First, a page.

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Shvoong Home>Books>Palm of the Hand Stories Review

Palm of the Hand Stories

Book Review   by:M Shandar     Original Author: Yasunari Kawabata
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The 'Palm-of-the-Hand' stories, most of which are just 2-4 pages long, are set against a backdrop of day-to-day Japanese life in cities, small towns and the countryside. Each story is a miniature gem, rich in poetic imagery and concocted with an economy of words that does not detract from Kawabata's natural art of storytelling. Included in the collection is a heavily abridged version of Snow Country, one of the novels that Kawabata is best known for and which contributed to his becoming the first Japanese recipient of the Nobel prize for literature. The simplicity of Kawabata's construction belies the complexity of each story, be it about love or death, time or loneliness. It is as if Kawabata has taken a longer story and dissected away all extraneous detail without diluting the power of his message or the appeal of its presentation. Generally profound, and at times surreal, haunting, amusing or disturbing, the Palm-of-the-Hand stories represent a diverse description of miniature scenes: interactions between lovers, sensations of loss or longing, or ruminations on the pursuit of happiness.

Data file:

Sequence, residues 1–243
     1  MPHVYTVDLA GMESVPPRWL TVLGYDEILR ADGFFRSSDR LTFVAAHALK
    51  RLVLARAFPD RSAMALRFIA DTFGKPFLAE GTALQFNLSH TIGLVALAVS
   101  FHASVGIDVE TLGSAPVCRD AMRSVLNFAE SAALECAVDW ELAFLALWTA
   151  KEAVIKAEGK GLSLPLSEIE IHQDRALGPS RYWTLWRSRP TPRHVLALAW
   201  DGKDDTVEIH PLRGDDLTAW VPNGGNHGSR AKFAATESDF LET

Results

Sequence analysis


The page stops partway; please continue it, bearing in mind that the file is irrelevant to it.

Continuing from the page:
The 70 stories collected here span 50 years of output from 1923 to 1972 and thus reflect the considerable changes in Japan during this period. On rare occasions it seems that the translation may have failed to convey the true spirit of the story. Perhaps this perception arises because some stories will, necessarily, have reduced impact outside of the cultural crucible of Japan. Nonetheless, these are a minority and remain interesting for the very same reason that they are not entirely clear. The remainder have an impact disproportionate to their length. A true master of his craft, Kawabata’s descriptive narrative and realistic characterisation are capable of provoking emotional reaction in spite of the shortness of his tales. Few writers are capable of saying so much in pieces of such brevity. These short and bittersweet portraits of Japanese life are sublime.
Published: September 10, 2005   
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